Perhaps I should whisper it as softly as Gretel’s “Hocus Pocus”, but I’ve never fallen under the spell of Hansel and Gretel, and it’s not (just) because I have a heart of stone. For one thing, I don’t buy this line of Humperdinck as the great Wagnerian disciple. Sure, there’s some lovely orchestration, and those divided horns in the prelude are delightful, but assisting at the Parsifal premiere does not a Wagnerian make, and there’s a superficiality to the music that I’ve never been able to make my peace with.

Rhian Lois (Gretel) and Kitty Whately (Hansel)
© James Glossop

Then there are the production issues: does a director go all-out to be kid-friendly, thus making the tale even more sugary sweet than it already is, or do they try and engage the adults by tapping into the tale’s darker side, even though it’s all but ignored by the composer? Neither side in unproblematic, and that’s before you add in the fact that the sight of two adults pretending to be children can be hit and miss at best.

One place where this Scottish Opera film works is that Hansel and Gretel are played by two young singers who can just about get away with all the childlike naivety in the acting. Rhian Lois, the best thing about the company’s La bohème last autumn, is a gentle, sweet-voiced Gretel, while Kitty Whately’s tomboy Hansel is well contrasted, vocally as well as physically. Gretel plays with her toys while Hansel bounds around with a broom, and Whately’s vocal energy is apparent even when she is in the witch’s cage.

Or, in this case, the witch’s shopping trolley. Director Daisy Evans has to take account of the social distancing regulations that we all now take for granted, and so there’s a compulsory two metre distance between the singers at all times. It could have been a lot worse, however: this film was made on 19th December 2020, just before our current, much stricter lockdown was announced. Only a few hours’ difference would have made this performance impossible and, when you take that into consideration, it makes some bizarre stage blocking completely forgivable.

Kitty Whately (Hansel) and Rhian Lois (Gretel)
© James Glossop

As it stands, Evans has done a pretty good job with the difficult hand that she was dealt. The stage of Glasgow’s Theatre Royal is extended and atmospherically lit for the singers, while the orchestra play behind them in their perspex boxes. The body language of the children is convincing, as is the poverty-driven distraction of their parents: their alcoholic father comes in swigging Tennent’s from a carrier bag, a very Scottish touch! The forest is suggested through subtle lighting and the witch’s lair is a shopping trolley full of treats rather than a gingerbread house. The problem of the oven is overcome with some rather jolly stage touches, making up for the fact that the Dream Pantomime is flat. There is a strong Christmas theme to the visuals, however, which makes me wonder why Scottish Opera didn’t time the release for December instead of its Così fan tutte.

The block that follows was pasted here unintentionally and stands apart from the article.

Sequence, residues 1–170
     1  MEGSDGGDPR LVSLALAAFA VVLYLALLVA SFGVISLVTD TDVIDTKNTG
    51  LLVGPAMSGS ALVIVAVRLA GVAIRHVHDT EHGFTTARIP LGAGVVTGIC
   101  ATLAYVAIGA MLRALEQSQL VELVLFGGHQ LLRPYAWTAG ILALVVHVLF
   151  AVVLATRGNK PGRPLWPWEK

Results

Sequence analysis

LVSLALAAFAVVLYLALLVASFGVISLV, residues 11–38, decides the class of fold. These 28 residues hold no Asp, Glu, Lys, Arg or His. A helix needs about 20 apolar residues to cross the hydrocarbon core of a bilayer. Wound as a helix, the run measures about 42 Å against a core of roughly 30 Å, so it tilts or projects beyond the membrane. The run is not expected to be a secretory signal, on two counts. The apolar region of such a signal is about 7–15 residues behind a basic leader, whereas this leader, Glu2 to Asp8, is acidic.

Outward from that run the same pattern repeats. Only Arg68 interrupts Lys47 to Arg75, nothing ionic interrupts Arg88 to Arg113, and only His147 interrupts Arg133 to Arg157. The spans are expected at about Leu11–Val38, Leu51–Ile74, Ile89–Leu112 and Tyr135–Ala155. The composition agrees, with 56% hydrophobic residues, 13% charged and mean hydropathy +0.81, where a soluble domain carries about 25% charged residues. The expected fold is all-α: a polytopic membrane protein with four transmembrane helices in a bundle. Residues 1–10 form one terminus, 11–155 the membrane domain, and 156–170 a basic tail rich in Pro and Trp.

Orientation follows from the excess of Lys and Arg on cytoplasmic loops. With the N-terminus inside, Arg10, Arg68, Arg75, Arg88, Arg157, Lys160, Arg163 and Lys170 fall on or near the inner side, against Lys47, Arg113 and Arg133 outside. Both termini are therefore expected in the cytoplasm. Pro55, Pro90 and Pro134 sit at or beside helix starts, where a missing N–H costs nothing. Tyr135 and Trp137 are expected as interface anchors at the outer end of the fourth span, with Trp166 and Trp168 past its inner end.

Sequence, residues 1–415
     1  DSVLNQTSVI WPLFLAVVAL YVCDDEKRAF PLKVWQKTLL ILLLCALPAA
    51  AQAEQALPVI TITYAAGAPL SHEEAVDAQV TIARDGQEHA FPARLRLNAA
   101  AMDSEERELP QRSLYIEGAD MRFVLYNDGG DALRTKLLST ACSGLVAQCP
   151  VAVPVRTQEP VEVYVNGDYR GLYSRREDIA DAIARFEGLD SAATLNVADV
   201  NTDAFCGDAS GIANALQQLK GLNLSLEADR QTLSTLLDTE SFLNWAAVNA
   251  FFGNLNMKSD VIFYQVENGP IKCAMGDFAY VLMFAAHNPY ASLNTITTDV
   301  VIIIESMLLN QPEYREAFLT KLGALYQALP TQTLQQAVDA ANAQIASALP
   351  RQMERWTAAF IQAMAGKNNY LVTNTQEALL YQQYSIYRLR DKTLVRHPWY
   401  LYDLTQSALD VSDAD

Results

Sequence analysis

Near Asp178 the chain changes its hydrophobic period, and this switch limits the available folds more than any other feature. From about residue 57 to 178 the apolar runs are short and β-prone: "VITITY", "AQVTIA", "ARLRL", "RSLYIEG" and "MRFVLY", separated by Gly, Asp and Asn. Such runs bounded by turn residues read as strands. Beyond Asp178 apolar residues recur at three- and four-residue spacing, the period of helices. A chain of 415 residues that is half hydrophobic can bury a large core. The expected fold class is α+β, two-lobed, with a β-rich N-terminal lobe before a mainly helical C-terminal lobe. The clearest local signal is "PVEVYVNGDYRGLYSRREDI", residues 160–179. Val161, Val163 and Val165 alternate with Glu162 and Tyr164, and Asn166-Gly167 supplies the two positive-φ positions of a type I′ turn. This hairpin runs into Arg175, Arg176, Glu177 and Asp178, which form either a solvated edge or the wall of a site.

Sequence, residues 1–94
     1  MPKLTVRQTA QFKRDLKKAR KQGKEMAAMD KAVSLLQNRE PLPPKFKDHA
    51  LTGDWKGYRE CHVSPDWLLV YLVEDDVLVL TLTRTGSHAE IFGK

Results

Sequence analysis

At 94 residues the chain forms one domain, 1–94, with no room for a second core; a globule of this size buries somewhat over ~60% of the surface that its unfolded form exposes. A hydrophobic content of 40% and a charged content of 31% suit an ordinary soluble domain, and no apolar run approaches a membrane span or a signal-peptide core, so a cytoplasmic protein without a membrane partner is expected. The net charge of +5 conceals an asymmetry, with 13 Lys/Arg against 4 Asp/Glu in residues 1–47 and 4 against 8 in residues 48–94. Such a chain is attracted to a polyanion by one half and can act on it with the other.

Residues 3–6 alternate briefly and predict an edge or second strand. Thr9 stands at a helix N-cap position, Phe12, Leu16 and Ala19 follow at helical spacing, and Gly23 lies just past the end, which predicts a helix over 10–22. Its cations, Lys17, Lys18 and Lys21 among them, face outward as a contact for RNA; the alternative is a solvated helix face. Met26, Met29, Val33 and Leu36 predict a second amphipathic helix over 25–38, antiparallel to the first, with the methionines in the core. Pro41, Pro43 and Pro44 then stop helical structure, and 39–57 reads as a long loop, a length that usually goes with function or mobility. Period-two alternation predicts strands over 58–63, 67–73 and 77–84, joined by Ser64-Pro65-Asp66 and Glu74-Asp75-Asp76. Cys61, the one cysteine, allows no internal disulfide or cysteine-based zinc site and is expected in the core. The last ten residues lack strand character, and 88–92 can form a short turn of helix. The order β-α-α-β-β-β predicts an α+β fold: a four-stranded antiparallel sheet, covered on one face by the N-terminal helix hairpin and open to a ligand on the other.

Nadine Benjamin (Witch)
© James Glossop

For all the character of the children’s performances, they are roundly upstaged by Nadine Benjamin, doubling as the distressed mother and the hysterical witch. I usually find the witch’s endless cookery tips tedious, but Benjamin injects them with plenty of vim, and she is matched with a beautifully sung father in Phillip Rhodes. Both here make their company debuts, and I hope we see them both again soon. Charlie Drummond has great fun doubling as the Sandman and the Dew Fairy, and she looks as characterful as she sounds.

The masked orchestra play the score in a reduced arrangement by Derek Clark, Scottish Opera’s Head of Music: it’s a compliment to him that I barely noticed the difference. They sound great, particularly in the wind and brass lines, and David Parry conducts with all the steadiness and security that you would expect from someone of his experience.

So I’m prepared to put aside my stony heart and welcome this high quality Hansel in the name of cheering us all up at a tricky time. There’s a magic that even I yearn for, however: the days when we will no longer have to comment on singers staying two metres apart, or even the unheard of luxury of an audience being physically present in the same room as a performance! I’ll believe that magic when it arrives, but let’s all hope that we’re getting there.


This performance was reviewed from the Scottish Opera video stream

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